We continue with our focus this term on members of the University community who have contributed to Oxford’s COVID-19 efforts. Angela Unsworth, Domestic Bursar at University College and Chair of the Domestic Bursars’ Committee, played a key role in the college response to the pandemic.
A measured response
From the very beginning of the pandemic, we were dealing with a tremendous number of unknowns. We didn't know how the virus was going to behave. We didn't know how the government would react, or how the University or colleges would respond to an immediate national and international crisis. If the institutions in Oxford were nervous, the people were scared.
This nervousness could have very quickly degenerated into panic, but structures within the central and collegiate University stood us in good stead. Existing collaborative structures in the Domestic Bursars Committee and in the Estates Bursars Committee in the Conference of Colleges were quickly fallen back on, which morphed to represent both the colleges and the University in more joint structures.
Strength through collaboration
After the initial exodus from Oxford, both sides of the University started to collaborate in a way that they perhaps hadn't ever before. That was the great strength of how we managed to get through the pandemic from its beginning to where we are now: everything we did we quickly recognised that we had to do it together.
I think people recognise now that they dealt with something quite extraordinary. Handling a crisis in a measured and thoughtful sort of way really brought out the best in a lot of people. Hundreds of people came together and they gave the best of what they could offer. It was a tremendous effort and telling of the robustness and resilience of close communities.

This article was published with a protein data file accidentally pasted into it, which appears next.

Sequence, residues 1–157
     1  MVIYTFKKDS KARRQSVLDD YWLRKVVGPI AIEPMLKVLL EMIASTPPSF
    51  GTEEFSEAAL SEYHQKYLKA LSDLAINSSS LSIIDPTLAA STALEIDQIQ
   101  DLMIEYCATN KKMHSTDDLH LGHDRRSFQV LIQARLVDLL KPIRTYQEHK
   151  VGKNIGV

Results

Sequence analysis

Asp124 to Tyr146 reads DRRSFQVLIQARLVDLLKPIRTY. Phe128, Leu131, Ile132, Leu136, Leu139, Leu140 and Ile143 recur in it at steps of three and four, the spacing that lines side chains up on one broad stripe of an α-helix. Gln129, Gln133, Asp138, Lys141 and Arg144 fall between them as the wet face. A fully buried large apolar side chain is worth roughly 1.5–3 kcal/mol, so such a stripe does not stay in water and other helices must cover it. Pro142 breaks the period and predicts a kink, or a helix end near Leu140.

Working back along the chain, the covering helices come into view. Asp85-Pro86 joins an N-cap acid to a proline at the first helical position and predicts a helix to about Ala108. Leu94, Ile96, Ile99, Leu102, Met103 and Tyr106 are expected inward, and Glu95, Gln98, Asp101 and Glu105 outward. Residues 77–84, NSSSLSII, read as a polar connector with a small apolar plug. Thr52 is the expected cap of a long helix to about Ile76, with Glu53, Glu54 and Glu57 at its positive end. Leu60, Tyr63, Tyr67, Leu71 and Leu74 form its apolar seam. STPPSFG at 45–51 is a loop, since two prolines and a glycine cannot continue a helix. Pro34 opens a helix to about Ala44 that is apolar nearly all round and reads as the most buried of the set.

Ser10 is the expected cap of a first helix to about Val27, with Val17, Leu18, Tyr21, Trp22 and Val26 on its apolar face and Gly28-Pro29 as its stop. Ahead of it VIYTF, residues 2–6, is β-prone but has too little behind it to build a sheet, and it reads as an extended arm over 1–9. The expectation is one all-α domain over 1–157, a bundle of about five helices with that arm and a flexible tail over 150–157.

Our greatest achievement would be for that collaboration to continue now. We achieved things during the pandemic; great things that happen in times of adversity. Programmes of work started within the University that the Domestic Bursars Committee unashamedly gatecrashed; colleagues all over the University have been generous with their time, sharing their expertise and a vision to build back better. The New Ways of Working programme, the Staff Wellbeing programme, the joint working groups on transport and travel and intercollegiate sustainability: we’re all looking at how we can share the load and help push good ideas into fruition, regardless of where they started.
Getting back together as a community
Clearly there is infection still around. As the virus has developed and mutated, it has become more transmissible. People are still very nervous about that, but time is showing that the virus is acting as viruses do. It's becoming, on the whole, less serious. It is sometimes difficult to explain or convince people of that when there are still COVID deaths and, even for the really quite healthy, infection is still making people feel pretty miserable. But feeling miserable and being very dangerous are two different things.
The pandemic has demonstrated to us that there are more ways of being productive than pitching into an office every day, but the welfare benefits and the camaraderie of seeing your colleagues and exchanging fine ideas and ideals alongside the routine interactions of everyday life does make the world go round; we shouldn’t underestimate how powerful these interactions are. We need to be together to get the best out of this – a screen exchange is never going to do it.
Recognising the commitment of our people
There needs to be a wash-up of our COVID-19 response, to judge what went well, what did not. You have to evaluate what you did, how you did it, and whether you would do it differently if you ever needed to again. What we may not capture in any great detail is the immense everyday effort: the really low-level grinding toil that hundreds and hundreds of people put in every day. All the scouts, and all the porters. All the chefs, and everybody who works tirelessly on every shop floor in every college. These are all the unsung heroes that made life as normal as it possibly could be, and kept people safe.